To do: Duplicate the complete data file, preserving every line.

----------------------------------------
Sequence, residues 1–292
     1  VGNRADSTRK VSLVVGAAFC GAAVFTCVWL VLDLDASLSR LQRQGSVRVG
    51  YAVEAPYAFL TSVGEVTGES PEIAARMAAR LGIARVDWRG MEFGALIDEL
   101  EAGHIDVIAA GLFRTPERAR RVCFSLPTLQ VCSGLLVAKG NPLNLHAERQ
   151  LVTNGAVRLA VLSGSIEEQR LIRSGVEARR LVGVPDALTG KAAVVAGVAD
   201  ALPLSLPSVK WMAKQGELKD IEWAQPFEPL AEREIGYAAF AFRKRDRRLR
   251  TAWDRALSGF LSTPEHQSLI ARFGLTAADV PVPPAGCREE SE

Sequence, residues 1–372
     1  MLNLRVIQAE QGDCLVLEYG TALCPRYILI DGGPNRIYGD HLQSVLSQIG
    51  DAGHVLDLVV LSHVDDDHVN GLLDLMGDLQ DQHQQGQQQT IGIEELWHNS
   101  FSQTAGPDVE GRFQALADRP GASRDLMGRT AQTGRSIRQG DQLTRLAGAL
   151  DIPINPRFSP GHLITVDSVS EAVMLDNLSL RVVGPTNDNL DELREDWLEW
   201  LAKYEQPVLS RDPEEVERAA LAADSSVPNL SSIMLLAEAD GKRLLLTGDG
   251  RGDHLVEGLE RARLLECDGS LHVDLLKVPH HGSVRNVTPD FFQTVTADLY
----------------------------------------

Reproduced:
Sequence, residues 1–292
     1  VGNRADSTRK VSLVVGAAFC GAAVFTCVWL VLDLDASLSR LQRQGSVRVG
    51  YAVEAPYAFL TSVGEVTGES PEIAARMAAR LGIARVDWRG MEFGALIDEL
   101  EAGHIDVIAA GLFRTPERAR RVCFSLPTLQ VCSGLLVAKG NPLNLHAERQ
   151  LVTNGAVRLA VLSGSIEEQR LIRSGVEARR LVGVPDALTG KAAVVAGVAD
   201  ALPLSLPSVK WMAKQGELKD IEWAQPFEPL AEREIGYAAF AFRKRDRRLR
   251  TAWDRALSGF LSTPEHQSLI ARFGLTAADV PVPPAGCREE SE

Sequence, residues 1–372
     1  MLNLRVIQAE QGDCLVLEYG TALCPRYILI DGGPNRIYGD HLQSVLSQIG
    51  DAGHVLDLVV LSHVDDDHVN GLLDLMGDLQ DQHQQGQQQT IGIEELWHNS
   101  FSQTAGPDVE GRFQALADRP GASRDLMGRT AQTGRSIRQG DQLTRLAGAL
   151  DIPINPRFSP GHLITVDSVS EAVMLDNLSL RVVGPTNDNL DELREDWLEW
   201  LAKYEQPVLS RDPEEVERAA LAADSSVPNL SSIMLLAEAD GKRLLLTGDG
   251  RGDHLVEGLE RARLLECDGS LHVDLLKVPH HGSVRNVTPD FFQTVTADLY